“WoW! The Wonders of Watersheds” will provide high interest, experiential watershed education for 140 Waterbury students and ten teachers, engaging in a series of multimodal on-site, indoor and outdoor learning opportunities that demonstrate how diverse bodies of water and landscapes are part of a watershed.


Environmental Science Center

Burien, Washington, $21,972

“Salmon Heroes: STEM Training for 21st CCLC Staff and Students” will improve environmental and science literacy for 120 underserved students and 30-40 staff, engaging students in salmon recovery through hands-on learning and outdoor field studies.


Friends of Deckers Creek

Dellslow, West Virginia, $20,000

“21st Century Watershed Education on Deckers Creek” will serve the Mountaineer Boys and Girls Club with watershed health and pollutants curriculum, technical and literacy education, experiential learning through field trips, and student-driven, solution-based research projects.


Inland Seas Education Association

Suttons Bay, Michigan, $35,614

“21st CCLC Great Lakes Watershed Field Course and STEM Showcase” will inspire students to consider STEM fields as a means of protecting our Great Lakes through a series of seven unique meaningful watershed environmental education experiences.


Living Classrooms Foundation

Baltimore, Maryland $22,069

“Future STEM Leaders” will provide inquiry-based learning experiences for 60 students focused on the issue of marine debris, and integrated professional development for 21st CCLC partner staff.


Malama Kai Foundation

Kamuela, Hawaii, $28,800

“Ocean Warriors: Watershed-STEM Learning and Action for 21st Century Kohala” will bring place-based meaningful watershed environmental education experiences to Kohala Middle School through stewardship/action projects that emphasize STEM skills and inspire exposure to marine careers.


Marine Science Institute

Redwood City, California, $20,084

“Watershed Investigators” will provide 26 students from Siena Youth Center with an increased exposure to STEM topics and career fields, and build perspectives of their local watershed’s connection to the ocean and climate change.


Milwaukee Metropolitan Sewerage District

Milwaukee, Wisconsin, $39,258

“Journeys into the Watershed-Making Connections” will engage two 21st CCLCs in a seven-week experience that reinforces STEM skills and provides watershed focused, place-based learning with extensive field experiences.


Mississippi State University-Gulf Coast Community Design Studio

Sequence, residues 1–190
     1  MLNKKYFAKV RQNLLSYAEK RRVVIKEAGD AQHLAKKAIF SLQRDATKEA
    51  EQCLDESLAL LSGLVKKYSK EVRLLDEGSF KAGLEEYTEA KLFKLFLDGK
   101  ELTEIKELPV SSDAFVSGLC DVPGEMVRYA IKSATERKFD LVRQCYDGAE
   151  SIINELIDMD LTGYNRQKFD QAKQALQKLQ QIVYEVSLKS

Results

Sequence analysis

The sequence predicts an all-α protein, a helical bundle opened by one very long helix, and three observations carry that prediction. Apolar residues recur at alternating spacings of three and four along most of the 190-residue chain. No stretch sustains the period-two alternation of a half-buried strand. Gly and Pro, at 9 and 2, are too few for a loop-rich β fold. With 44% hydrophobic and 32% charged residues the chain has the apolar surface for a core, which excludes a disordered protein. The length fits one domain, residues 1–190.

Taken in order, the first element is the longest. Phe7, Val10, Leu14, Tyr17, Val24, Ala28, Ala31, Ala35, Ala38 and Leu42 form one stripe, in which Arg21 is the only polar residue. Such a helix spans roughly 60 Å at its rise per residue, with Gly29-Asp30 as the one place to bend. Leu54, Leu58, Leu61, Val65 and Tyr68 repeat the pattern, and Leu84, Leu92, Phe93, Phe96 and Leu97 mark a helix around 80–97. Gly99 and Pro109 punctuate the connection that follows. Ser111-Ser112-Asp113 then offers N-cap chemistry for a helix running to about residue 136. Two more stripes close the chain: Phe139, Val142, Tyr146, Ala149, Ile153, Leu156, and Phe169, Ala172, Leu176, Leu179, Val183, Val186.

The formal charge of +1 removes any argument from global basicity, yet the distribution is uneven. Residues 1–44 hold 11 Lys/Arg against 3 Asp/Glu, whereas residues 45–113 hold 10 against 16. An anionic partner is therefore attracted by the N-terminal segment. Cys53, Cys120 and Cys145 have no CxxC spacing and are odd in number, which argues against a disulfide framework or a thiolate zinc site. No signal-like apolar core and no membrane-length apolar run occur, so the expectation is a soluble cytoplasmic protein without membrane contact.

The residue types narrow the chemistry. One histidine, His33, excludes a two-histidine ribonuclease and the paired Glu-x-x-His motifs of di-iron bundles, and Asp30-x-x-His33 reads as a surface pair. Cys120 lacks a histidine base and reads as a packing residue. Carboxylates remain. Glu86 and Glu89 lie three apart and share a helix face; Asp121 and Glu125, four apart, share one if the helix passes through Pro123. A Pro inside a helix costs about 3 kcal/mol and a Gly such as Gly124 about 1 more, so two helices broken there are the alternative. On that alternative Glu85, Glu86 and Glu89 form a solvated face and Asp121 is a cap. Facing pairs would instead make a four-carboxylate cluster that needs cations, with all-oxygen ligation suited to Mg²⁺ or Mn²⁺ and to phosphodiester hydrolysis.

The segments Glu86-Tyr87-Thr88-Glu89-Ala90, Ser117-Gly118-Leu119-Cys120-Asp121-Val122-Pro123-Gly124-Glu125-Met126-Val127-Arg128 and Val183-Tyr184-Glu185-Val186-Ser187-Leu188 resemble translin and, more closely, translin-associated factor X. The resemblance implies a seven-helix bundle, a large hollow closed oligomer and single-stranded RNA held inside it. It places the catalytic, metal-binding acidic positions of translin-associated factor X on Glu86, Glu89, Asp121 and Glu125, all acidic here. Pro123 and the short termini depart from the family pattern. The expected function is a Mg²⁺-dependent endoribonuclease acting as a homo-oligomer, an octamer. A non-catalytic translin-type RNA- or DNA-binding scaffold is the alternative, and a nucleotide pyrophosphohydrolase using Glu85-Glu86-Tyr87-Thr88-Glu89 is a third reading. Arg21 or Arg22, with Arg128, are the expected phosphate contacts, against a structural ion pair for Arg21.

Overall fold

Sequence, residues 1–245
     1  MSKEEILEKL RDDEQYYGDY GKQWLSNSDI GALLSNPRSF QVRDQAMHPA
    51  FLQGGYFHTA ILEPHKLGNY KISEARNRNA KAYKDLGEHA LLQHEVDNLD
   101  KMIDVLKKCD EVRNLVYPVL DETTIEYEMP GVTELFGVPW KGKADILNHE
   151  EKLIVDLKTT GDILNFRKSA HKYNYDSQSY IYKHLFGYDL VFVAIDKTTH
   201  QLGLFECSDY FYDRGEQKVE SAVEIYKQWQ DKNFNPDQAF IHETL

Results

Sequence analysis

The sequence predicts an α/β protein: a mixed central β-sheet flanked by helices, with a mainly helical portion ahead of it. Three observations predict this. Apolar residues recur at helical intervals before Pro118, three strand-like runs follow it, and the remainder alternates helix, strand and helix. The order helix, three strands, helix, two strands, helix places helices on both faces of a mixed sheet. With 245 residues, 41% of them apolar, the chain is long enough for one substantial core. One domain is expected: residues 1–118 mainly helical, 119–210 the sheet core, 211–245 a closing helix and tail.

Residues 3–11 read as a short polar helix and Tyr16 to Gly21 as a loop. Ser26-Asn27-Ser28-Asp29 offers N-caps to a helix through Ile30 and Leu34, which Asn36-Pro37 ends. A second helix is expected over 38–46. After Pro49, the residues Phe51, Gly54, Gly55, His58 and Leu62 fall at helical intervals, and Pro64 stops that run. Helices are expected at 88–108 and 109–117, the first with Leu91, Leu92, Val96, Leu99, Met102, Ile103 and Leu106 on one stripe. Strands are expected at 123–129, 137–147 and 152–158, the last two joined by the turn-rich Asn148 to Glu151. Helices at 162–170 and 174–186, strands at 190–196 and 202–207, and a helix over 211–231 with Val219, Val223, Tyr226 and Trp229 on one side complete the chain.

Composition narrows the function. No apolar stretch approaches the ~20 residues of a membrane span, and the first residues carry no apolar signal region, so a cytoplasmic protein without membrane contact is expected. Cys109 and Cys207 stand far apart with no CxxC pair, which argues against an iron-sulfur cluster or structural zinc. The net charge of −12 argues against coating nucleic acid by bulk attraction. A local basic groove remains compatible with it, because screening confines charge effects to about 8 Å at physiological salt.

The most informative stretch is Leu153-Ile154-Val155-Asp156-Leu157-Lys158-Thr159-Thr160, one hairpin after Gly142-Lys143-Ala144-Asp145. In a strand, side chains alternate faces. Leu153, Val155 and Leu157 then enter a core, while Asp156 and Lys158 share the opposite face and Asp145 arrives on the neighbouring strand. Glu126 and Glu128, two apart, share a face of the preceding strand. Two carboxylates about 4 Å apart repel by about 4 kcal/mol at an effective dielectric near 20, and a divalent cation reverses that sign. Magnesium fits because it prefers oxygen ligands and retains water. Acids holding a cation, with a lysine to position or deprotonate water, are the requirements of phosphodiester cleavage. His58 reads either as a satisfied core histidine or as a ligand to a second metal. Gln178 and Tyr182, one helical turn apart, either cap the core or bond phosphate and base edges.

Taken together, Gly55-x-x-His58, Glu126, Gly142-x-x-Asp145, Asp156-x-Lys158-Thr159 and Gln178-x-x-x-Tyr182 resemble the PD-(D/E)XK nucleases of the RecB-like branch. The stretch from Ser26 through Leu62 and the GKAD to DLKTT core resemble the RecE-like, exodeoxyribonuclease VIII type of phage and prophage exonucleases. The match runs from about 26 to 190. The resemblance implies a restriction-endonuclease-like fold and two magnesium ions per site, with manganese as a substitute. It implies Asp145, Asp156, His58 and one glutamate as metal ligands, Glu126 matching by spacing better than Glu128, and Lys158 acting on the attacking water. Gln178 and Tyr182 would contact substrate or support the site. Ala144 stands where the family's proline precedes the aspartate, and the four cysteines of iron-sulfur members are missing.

Biloxi, Mississippi, $25,096

“Getting to Know the Magnolia Bayou through Science, Arts and Culture” will provide 50 students and 2 teachers with STEAM watershed education through learning about watershed dynamics, impacts of stormwater runoff on water quality and quantity, and the important role of watershed planning and action.


Oregon State University

Corvallis, Oregon, $32,088

“Increasing Environmental Literacy Through Meaningful STEM-based Watershed Studies” will work with SMILE clubs to directly engage nine teachers and 87 students in the after school clubs to educate them about watersheds and watershed issues, also providing professional development and curriculum resources.


RE Sources for Sustainable Communities

Bellingham, Washington, $20,000

The summer “Young Water Stewards” program will engage middle school students from rural Skagit County in STEM investigations of how human land-use practices impact the health of their local watershed through activities such as in-class lessons, water quality testing, and field visits.


Salem Sound CoastWatch

Salem, Massachusetts, $20,000

“STEAMing Ahead in Our Watershed” will immerse underserved students in place-based environmental education incorporating STEM and the arts (STEAM) while increasing ocean literacy and inspiring ocean stewardship.


Save the Bay

Providence, Rhode Island, $20,483

“Navigating and Discovering Your Watershed” will develop 21st CCLC staff and student skill and interest in the STEM fields and increase environmental literacy through participation in hands-on exploration of the local Narragansett Bay Watershed as well as a watershed protection project.


Turtle Island Restoration Network

Forest Knolls, California, $27,878

“Headwaters to the Sea Summer Environmental Education and Educator Development Program” will provide professional development for 40 day camp educators and implement meaningful watershed education experiences for at least 100 children and youth served by the Boys and Girls Clubs of Central Sonoma County.